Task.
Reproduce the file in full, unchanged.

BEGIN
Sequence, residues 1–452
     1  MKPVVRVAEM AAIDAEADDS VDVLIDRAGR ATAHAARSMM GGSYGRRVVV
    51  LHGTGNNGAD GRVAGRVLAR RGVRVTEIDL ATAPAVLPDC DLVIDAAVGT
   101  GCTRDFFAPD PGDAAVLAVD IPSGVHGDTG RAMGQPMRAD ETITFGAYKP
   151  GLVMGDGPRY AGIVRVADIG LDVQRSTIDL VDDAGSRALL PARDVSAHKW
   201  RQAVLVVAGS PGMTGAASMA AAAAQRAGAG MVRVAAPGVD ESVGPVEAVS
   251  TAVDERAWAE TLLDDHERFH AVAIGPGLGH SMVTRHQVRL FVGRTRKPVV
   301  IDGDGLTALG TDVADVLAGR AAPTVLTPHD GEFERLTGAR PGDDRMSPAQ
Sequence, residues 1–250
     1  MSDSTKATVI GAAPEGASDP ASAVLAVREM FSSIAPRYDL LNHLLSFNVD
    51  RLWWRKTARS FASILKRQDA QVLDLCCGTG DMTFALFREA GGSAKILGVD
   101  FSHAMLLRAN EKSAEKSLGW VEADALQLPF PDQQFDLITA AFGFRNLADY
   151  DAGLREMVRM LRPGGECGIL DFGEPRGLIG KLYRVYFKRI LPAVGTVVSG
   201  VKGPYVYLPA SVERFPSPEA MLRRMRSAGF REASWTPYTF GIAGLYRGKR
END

Sequence, residues 1–452
     1  MKPVVRVAEM AAIDAEADDS VDVLIDRAGR ATAHAARSMM GGSYGRRVVV
    51  LHGTGNNGAD GRVAGRVLAR RGVRVTEIDL ATAPAVLPDC DLVIDAAVGT
   101  GCTRDFFAPD PGDAAVLAVD IPSGVHGDTG RAMGQPMRAD ETITFGAYKP
   151  GLVMGDGPRY AGIVRVADIG LDVQRSTIDL VDDAGSRALL PARDVSAHKW
   201  RQAVLVVAGS PGMTGAASMA AAAAQRAGAG MVRVAAPGVD ESVGPVEAVS
   251  TAVDERAWAE TLLDDHERFH AVAIGPGLGH SMVTRHQVRL FVGRTRKPVV
   301  IDGDGLTALG TDVADVLAGR AAPTVLTPHD GEFERLTGAR PGDDRMSPAQ
Sequence, residues 1–250
     1  MSDSTKATVI GAAPEGASDP ASAVLAVREM FSSIAPRYDL LNHLLSFNVD
    51  RLWWRKTARS FASILKRQDA QVLDLCCGTG DMTFALFREA GGSAKILGVD
   101  FSHAMLLRAN EKSAEKSLGW VEADALQLPF PDQQFDLITA AFGFRNLADY
   151  DAGLREMVRM LRPGGECGIL DFGEPRGLIG KLYRVYFKRI LPAVGTVVSG
   201  VKGPYVYLPA SVERFPSPEA MLRRMRSAGF REASWTPYTF GIAGLYRGKR